This episode also has one of DS9’s best laugh-out-loud moments. The subplot involves Keiko returning to the station and telling O’Brien she’s pregnant. The stuff with O’Brien and Bashir missing each other is nice (if a little forced) but Worf’s reaction to learning Keiko’s preggers — Worf, of course, delivered Molly O’Brien back on TNG — is priceless. A written summary doesn’t do it justice, so just go watch the episode.

Oh, and because it pops up here — when Quark tells O’Brien and Bashir about their usual Thursday night holosuite fun — does it bother anyone else that DS9 uses traditional Earth days? Keep in mind that the Bajoran day is 26 hours long …

Coming later this week …

Is Sisko sleeping with the enemy? Seriously, that was in the old promo.

“In the Hands of the Prophets”

“Tell me what it’s like to be a pawn, my child. I think I might need to know in a few years.”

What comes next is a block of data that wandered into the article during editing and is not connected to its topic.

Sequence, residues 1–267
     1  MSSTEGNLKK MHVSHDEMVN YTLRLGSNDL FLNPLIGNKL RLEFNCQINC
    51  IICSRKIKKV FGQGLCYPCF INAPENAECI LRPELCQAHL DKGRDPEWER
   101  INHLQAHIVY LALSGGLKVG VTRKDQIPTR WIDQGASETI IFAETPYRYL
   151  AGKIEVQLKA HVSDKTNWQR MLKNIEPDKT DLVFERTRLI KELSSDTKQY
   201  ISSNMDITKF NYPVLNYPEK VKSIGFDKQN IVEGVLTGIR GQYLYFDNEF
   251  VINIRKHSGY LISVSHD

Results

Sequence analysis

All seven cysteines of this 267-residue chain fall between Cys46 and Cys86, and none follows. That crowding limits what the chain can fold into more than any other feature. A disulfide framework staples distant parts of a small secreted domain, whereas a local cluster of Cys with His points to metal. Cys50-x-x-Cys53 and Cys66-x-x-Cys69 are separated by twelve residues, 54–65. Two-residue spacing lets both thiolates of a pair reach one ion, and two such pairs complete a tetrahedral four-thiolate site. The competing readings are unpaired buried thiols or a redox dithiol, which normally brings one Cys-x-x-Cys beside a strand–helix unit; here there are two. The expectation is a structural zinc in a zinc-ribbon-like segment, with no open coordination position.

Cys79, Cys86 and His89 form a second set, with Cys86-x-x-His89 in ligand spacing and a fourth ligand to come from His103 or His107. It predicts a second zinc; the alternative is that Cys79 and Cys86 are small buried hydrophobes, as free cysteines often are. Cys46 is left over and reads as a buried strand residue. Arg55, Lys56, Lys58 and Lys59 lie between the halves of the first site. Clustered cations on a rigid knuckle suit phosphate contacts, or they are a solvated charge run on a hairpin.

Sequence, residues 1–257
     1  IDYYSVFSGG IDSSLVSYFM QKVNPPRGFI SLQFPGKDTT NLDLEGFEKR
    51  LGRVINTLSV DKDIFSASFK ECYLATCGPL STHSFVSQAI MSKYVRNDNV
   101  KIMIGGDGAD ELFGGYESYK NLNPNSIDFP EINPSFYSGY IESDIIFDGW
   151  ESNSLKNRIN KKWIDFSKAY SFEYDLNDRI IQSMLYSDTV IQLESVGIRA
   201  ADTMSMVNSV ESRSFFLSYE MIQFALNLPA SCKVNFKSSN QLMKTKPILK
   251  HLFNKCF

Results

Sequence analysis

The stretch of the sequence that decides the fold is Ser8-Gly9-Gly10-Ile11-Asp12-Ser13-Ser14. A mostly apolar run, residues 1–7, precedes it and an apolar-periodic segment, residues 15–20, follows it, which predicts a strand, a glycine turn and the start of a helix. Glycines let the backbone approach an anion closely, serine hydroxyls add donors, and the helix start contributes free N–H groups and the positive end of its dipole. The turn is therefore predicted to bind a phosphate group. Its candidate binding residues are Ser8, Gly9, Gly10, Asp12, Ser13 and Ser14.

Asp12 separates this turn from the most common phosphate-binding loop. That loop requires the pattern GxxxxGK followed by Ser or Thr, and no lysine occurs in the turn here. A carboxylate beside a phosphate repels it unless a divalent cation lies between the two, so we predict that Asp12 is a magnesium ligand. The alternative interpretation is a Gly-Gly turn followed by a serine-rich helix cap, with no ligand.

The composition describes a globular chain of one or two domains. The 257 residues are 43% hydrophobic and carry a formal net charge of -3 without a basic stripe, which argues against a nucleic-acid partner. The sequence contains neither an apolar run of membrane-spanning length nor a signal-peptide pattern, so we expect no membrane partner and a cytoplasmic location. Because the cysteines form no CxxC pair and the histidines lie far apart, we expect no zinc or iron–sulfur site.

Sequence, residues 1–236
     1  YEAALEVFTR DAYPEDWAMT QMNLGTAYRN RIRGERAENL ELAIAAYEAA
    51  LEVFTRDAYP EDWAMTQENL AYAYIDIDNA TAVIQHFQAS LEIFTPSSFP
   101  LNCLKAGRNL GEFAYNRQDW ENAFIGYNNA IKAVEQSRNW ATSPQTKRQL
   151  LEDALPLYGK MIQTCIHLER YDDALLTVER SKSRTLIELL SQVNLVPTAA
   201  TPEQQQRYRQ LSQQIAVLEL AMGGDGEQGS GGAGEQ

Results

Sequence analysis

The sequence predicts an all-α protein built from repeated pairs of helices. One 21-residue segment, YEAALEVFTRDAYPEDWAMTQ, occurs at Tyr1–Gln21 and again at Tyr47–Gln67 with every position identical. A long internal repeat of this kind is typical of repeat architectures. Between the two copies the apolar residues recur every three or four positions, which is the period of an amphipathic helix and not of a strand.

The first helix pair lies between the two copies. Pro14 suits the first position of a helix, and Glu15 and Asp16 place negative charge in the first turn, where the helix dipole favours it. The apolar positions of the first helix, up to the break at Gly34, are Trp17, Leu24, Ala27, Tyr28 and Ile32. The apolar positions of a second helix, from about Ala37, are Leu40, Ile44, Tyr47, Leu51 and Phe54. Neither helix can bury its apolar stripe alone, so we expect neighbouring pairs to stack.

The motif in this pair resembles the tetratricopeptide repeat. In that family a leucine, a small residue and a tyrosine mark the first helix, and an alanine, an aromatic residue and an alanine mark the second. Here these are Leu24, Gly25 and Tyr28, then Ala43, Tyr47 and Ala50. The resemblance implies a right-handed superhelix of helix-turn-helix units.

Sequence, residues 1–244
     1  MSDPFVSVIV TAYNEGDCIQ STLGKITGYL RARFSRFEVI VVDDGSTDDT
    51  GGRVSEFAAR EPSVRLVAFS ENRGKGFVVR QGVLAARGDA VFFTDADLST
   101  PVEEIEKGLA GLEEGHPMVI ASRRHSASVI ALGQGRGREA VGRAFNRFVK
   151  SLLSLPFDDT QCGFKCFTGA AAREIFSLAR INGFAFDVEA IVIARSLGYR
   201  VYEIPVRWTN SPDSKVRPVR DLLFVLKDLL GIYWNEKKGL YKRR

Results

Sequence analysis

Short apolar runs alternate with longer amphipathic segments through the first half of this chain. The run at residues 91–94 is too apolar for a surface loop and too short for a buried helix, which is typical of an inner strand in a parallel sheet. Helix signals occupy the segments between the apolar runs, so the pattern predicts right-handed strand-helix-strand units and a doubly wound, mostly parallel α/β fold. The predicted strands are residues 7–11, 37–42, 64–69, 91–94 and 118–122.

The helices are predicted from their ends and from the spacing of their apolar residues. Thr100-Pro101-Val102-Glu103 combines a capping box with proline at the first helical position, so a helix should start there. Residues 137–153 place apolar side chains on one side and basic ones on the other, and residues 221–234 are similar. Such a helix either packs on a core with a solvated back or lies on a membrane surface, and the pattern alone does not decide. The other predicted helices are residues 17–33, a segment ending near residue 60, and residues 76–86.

A dust up between the Federation and the Bajorans ensues when Keiko O’Brien (Rosalind Chao) starts teaching Bajoran children at the station’s school that the wormhole is not (explicitly) the Bajorans’ celestial temple. Orthodox Vedek Winn (Louise Fletcher) shows up and starts making noise in her bid to become the next kai, after the previous one’s death earlier in season one. Her chief rival Vedek Bareil (Philip Anglim) comes to the station to help mediate, and Winn gets O’Brien’s Bajoran assistant, Neela (Robin Christopher) to make an attempt on Bareil’s life. O’Brien figures out what’s happening in time to alert Sisko, who stops Neela. Kira, who had supported Winn, confronts her, accusing her (rightly) of plotting the whole thing to get Bareil out of the way — though Neela later says she acted alone. This sets the stage for Winn to be a manipulative power player and enemy to the Federation going forward. The event also has the effect of pushing Sisko and Kira together after a season of (mostly) acrimony.